With India’s new hydropower policy looming on the horizon, the Indian government is likely to encourage more private investment within the industry. I M Sahai* reports.
INDIA, as one of the major hydro-resource countries in the world, has a hydropower potential estimated at around 84 000MW (at 60 per cent plant-load factor). The first hydropower plant in India, of only 130kW capacity, ‘started up’ in 1897, so the current fiscal year marks the centenary of Indian hydropower.
In this hundred-year period, around 130 hydel plants (having 585 generating units) with a total installed capacity of around 21 000MW, have evolved. This itself shows that the bulk of the total hydel potential in the country – about 75 per cent – remains unexploited. Out of a small hydro potential of an estimated 10 000MW, only about 500MW have been developed.
One of the major reasons for this had been the paucity of financial resources leading to tardy investment in the hydropower sector. This was seen in the disinclination of the utilities to take up new plants and the long gestation of plants under construction (where funds tended to dry up mid-way). Lack of resources had also come in the way of renovation and retrofitting of old plants: 75 units out of 585 were 40 years old or more, and another 200 were between 20-40 years. And it was seen that in certain poorer utilities, only bare maintenance of a plant was being carried out merely to keep it running.
Until the 1990s, nearly all hydropower in India was in the public sector, mainly the State Electricity Boards (SEBs). As a result of an unrealistic tariff structure, which included subsidisation of rates for rural and domestic consumers, the SEBs ran up huge commercial losses (estimated at Rs71.3bn, equivalent to UK£1.16bn in the fiscal year 1995-96).
On an all-India basis, rural power supply was 31 per cent and domestic supply 19 per cent of the total power sales in the country. This left the SEBs cash-strapped for undertaking meaningful hydropower development. The state governments, which owned SEBs, themselves were short of finances and could not fulfil their commitment to the SEBs to make full cash reimbursement of subsidy, due to the SEBs for supplying below-cost power to rural consumers. Such subsidy payment as was given was partial, made after some delay, and mostly through accounts book adjustment (instead of in cash).
The poor financial health of the SEBs, in turn, reflected adversely on the balance sheets of big hydropower corporations, wholly or partly, owned by the Government of India (GOI), which had been set up over the years to develop, own and operate big dam-based projects and which sold such generated power to the SEBs.
The latter ran up huge dues to such utilities, mainly the National Hydroelectric Power Corporation (NHPC), the Damodar Valley Corporation (DVC) and the Bhakra-Beas Management Board (BBMB). This fact, in turn, affected the capability of these utilities to take up new hydro projects as their own.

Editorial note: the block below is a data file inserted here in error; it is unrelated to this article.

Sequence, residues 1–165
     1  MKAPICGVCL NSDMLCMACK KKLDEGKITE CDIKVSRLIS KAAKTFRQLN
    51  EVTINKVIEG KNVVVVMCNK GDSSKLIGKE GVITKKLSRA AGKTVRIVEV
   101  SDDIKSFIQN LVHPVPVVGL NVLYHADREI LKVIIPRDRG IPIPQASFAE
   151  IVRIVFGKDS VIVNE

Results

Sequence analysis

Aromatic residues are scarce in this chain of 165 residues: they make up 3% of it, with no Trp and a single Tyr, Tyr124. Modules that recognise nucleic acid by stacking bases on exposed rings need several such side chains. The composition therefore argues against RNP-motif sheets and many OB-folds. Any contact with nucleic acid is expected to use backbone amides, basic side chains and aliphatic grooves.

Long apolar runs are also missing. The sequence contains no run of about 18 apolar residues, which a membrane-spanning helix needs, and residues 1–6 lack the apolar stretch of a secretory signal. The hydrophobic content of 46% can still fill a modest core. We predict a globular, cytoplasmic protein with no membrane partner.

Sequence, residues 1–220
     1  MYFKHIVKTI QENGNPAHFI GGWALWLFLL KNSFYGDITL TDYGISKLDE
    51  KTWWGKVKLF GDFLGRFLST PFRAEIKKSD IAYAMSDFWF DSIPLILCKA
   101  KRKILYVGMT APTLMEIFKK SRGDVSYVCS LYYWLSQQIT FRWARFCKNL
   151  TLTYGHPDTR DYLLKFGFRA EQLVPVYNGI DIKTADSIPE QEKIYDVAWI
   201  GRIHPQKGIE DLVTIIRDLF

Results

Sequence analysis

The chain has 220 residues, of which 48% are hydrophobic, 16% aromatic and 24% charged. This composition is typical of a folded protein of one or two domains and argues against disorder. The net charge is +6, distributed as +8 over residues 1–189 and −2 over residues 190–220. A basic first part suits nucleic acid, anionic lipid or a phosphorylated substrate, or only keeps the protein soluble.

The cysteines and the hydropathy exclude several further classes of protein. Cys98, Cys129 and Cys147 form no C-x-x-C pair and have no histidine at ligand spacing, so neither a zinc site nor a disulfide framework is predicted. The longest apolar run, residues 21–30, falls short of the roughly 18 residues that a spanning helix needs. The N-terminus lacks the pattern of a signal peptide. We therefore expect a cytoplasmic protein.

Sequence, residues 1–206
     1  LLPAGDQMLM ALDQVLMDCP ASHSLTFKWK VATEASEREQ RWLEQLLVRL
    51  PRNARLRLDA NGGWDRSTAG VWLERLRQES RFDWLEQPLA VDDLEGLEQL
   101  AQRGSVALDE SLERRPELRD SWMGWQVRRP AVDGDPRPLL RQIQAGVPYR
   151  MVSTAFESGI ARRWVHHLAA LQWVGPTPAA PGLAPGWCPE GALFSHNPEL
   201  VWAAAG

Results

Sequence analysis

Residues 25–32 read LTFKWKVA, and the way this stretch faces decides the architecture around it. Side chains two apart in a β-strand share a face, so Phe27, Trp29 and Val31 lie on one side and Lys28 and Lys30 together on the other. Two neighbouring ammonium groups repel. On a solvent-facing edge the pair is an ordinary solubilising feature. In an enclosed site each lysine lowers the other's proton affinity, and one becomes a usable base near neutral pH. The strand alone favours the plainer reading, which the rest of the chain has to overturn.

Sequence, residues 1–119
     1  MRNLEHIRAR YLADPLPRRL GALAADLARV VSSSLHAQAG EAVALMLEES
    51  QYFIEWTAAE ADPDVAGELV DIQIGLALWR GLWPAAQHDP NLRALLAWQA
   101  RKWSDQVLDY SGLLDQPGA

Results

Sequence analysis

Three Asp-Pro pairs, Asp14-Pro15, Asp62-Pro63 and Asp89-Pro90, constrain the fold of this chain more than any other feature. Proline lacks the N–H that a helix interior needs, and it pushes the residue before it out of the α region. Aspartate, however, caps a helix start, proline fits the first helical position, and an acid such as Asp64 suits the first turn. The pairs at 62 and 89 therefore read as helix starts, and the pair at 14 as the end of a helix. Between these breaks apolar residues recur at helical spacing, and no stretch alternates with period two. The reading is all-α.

In this context, not only had there been inadequate generation of internal resources by hydro utilities, their ability to raise finances within the country and abroad had been limited by the state of their balance-sheets.
In addition, there had previously been, a general wariness, shown by the Indian Banks’ and Financial Institutions’ (FIs) disinclination to lend to state power utilities. Even where lending did take place, it was circumscribed by the guidelines (called ‘prudential norms’) laid down by the Indian Reserve Bank for commercial banks etc., limiting the amount of loans to a single project, borrower, or even industrial sector (such as power).
There was also a lack of appropriate debt-instruments: while a hydropower project is gestating over a long period the traditional debt by a bank/FI is not sufficiently mature.
Lastly, as the financial position of state governments themselves deteriorated, the domestic banks looked for security mechanisms other than mere government guarantee, to safeguard their investments in the power sector.
As the emphasis moved to a quick and all-round development of the power sector (including hydropower) in India, a number of steps have been taken over the last ten years by the various players in the field to overcome the prevailing difficulties in project finance. It was realised that the existing FIs in India, even the big three – Industrial Development Bank of India (IDBI), Industrial Finance Corporation of India (IFCI) and the Industrial Credit and Investment Corporation of India (ICICI) – would not be able to cater fully for the needs of the Indian power sector.